Drive Another Nail In The Coffin Of Fossil Fuels
If all goes as planned, Moth-Poulsen thinks the technology could be available for commercial use within 10 years.
What if we could bottle solar energy so it could be used to power our homes and factories even when the sun doesn’t shine?
Scientists have spent decades looking for a way to do just that, and now researchers in Sweden are reporting significant progress. They’ve developed a specialized fluid that absorbs a bit of sunlight’s energy, holds it for months or even years and then releases it when needed. If this so-called solar thermal fuel can be perfected, it might drive another nail in the coffin of fossil fuels and help solve our global-warming crisis.
Unlike oil, coal and natural gas, solar thermal fuels are reusable and environmentally friendly. They release energy without spewing carbon dioxide and other greenhouse gases into the atmosphere.
“A solar thermal fuel is like a rechargeable battery, but instead of electricity, you put sunlight in and get heat out, triggered on-demand,” says Jeffrey Grossman, who leads a lab at MIT that works on such materials.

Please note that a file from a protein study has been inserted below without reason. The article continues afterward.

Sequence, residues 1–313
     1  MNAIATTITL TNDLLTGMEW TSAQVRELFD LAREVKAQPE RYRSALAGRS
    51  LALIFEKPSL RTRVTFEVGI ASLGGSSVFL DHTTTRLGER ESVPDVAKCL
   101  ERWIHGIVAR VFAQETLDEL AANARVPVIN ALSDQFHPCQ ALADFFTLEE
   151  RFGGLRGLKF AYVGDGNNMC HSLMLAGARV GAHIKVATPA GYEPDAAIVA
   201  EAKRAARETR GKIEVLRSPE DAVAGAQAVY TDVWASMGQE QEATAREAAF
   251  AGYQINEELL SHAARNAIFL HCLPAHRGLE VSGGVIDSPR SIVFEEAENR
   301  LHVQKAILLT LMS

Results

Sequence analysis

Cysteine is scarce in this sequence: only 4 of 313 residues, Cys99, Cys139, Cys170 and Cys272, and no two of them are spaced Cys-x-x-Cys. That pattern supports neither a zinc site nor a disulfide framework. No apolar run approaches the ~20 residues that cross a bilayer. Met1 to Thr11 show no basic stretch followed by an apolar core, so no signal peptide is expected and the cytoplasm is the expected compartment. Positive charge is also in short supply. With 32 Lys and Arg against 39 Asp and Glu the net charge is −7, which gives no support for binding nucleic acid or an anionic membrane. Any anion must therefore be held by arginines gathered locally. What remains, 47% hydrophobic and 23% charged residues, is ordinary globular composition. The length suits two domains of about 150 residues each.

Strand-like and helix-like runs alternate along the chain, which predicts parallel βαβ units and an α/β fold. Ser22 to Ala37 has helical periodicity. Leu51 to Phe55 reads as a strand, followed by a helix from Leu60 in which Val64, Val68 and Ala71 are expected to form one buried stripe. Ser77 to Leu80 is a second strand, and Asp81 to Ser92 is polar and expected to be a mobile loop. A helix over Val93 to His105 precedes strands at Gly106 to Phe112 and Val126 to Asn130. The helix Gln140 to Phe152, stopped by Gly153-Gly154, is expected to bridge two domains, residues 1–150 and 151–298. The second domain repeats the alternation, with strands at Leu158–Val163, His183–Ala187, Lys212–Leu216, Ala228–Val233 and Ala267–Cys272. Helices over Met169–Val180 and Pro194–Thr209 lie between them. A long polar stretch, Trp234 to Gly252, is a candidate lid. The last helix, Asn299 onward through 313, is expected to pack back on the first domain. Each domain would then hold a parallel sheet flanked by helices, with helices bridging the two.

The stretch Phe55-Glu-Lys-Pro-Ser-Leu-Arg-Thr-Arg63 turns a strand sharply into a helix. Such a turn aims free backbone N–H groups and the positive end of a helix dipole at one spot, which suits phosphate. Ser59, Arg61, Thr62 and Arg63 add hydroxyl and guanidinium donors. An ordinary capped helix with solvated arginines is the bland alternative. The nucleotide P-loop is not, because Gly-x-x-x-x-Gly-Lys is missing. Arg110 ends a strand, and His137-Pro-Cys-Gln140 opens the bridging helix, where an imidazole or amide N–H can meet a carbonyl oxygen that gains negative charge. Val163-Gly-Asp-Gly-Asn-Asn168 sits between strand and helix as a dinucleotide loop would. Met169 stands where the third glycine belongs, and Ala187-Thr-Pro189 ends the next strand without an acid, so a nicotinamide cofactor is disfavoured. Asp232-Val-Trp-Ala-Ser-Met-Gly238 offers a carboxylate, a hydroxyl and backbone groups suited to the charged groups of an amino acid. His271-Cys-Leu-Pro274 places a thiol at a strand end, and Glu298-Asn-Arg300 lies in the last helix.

On the roof of the physics building at the Chalmers University of Technology in the Swedish city of Gothenburg, Kasper Moth-Poulsen has built a prototype system to test the new solar thermal fuels his research group has created.
As a pump cycles the fluid through transparent tubes, ultraviolet light from the sun excites its molecules into an energized state, a bit like Dr. Jekyll transforming into Mr. Hyde. The light rearranges bonds among the carbon, hydrogen and nitrogen atoms in the fuel, converting a compound known as norbornadiene into another called quadricyclane the energetic Mr. Hyde version. Because the energy is trapped in strong chemical bonds, the quadricyclane retains the captured solar power even when it cools down. Continue Reading → CLICK HERE